Review: Originally released in 1979, Francesco Cabiati's Mirage is a classic slice of holy grail electronic prog that has been searched for and fawned over for years by avid collectors. Now Galaxy have scored the record as their opening gambit, which should satisfy more than a few second hand vigilantes out there. It's a bombastic offering rich in Moog lines and dramatic themes, much like all the great instrumental synth offerings of the era. From the faithful treatment of the cover and labels to the quality of the remastering, it's everything a classic reissue of a hidden gem should be.
Review: It has been a musical eternity since King Crimson first introduced prog rock fans to their particularly artistic interpretation of the sound, landing on the scene just before the 1960s collapsed into the 1970s, with this special edition boxset containing the band's similarly limited edition 40th anniversary series in its entirety, which itself is over a decade old. The fact nothing here really sounds like it comes from a completely different age is testament to how good their work was, and still is. The track 'Epitaph' captures the mood perfectly - compressed strings sitting in the shadows of simple piano notes. As does the low fi innocent folk of 'Moonchild'. A far cry from many of the cliches associated with this genre label, with work like 'Catfood' owing as much to blues and rock 'n' roll as anything else it's not hard to see why KC achieved such universal adoration.
Review: The rare and sought-after third album by this Venezualan keyboard legend, first released in 1975 under the band name Ofrenda, stands as arguably his crowning achievement in a career in which he successfully managed to build a bridge between his homeland's traditional music, jazz fusion of a distinctly Weather Report/Return To Forever stripe, and a generous helping of kosmische stargazing. The result is a groove-driven, exotic and richly psychedelic confection that has weathered the storm of 41 years alarmingly well, making for a particularly foot-tapping trip across the cosmos.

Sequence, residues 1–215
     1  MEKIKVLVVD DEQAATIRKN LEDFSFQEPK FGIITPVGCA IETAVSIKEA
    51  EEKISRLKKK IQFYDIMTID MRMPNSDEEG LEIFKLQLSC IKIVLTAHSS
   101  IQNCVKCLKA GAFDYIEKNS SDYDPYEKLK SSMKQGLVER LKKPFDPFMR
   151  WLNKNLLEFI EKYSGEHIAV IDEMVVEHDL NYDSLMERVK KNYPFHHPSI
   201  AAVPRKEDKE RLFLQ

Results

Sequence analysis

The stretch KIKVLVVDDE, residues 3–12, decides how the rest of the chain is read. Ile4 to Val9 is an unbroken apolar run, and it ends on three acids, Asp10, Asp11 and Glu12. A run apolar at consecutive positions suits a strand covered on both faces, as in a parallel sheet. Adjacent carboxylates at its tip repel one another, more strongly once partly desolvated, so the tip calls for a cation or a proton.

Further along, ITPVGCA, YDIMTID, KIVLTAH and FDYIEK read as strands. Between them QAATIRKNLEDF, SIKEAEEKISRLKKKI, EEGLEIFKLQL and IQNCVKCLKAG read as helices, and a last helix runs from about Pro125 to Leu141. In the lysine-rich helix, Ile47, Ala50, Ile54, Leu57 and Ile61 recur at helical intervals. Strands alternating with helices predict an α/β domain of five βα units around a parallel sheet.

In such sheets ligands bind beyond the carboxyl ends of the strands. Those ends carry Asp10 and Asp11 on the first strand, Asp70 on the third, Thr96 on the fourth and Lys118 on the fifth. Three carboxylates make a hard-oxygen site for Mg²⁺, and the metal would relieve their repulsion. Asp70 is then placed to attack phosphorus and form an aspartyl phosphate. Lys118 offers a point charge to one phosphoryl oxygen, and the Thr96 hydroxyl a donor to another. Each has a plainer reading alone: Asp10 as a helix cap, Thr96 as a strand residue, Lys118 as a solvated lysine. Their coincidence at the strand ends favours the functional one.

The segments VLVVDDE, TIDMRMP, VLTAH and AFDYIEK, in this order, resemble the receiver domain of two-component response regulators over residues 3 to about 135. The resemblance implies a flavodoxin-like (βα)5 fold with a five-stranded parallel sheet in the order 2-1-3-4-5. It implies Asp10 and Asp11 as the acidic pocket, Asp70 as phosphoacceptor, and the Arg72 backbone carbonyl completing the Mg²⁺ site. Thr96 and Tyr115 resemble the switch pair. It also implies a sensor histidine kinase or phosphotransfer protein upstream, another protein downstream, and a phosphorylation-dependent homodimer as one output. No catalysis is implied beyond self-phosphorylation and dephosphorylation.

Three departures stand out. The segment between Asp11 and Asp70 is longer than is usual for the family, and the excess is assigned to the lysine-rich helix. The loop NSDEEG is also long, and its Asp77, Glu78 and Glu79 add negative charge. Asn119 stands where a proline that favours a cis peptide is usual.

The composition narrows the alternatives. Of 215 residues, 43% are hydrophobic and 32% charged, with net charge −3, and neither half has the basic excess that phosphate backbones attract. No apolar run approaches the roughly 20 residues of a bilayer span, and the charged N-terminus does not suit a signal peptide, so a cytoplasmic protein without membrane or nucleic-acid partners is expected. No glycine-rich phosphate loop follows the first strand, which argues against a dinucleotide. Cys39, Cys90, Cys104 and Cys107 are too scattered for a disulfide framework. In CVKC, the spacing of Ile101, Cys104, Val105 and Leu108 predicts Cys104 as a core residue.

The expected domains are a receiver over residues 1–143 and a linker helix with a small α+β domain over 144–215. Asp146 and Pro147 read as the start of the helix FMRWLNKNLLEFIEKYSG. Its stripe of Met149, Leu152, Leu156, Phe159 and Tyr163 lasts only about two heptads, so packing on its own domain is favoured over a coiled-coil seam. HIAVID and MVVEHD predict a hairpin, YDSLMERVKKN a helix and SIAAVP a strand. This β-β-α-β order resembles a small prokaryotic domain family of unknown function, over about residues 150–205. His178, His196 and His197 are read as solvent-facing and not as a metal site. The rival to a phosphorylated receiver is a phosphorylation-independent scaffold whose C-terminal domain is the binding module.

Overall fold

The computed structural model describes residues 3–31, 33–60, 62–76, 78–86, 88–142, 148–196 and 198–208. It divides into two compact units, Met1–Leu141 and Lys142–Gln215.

Review: Arriving some twenty years after the last Pink Floyd album proper, 1994's The Division Bell, this new offering - which stands to be their last ever - apparently functions as both a swansong for their enormously influential outfit and a tribute to late keyboard player Rick Wright. Constructed partly from demos for the aforementioned album, as well as recordings from as far back as 1968, it somehow manages to showcase the closest the band has come to the classic Floydian sound in decades. Indeed, replete with Gilmour's soaring leads and ambient dreamscapes, it frequently recalls the heralded days of 'Wish You Were Here' amidst an atmosphere of beatific melancholy. If this is the moment that the rock giants choose to bow out, their legions of fans can rest assured they're doing so with both grace and style.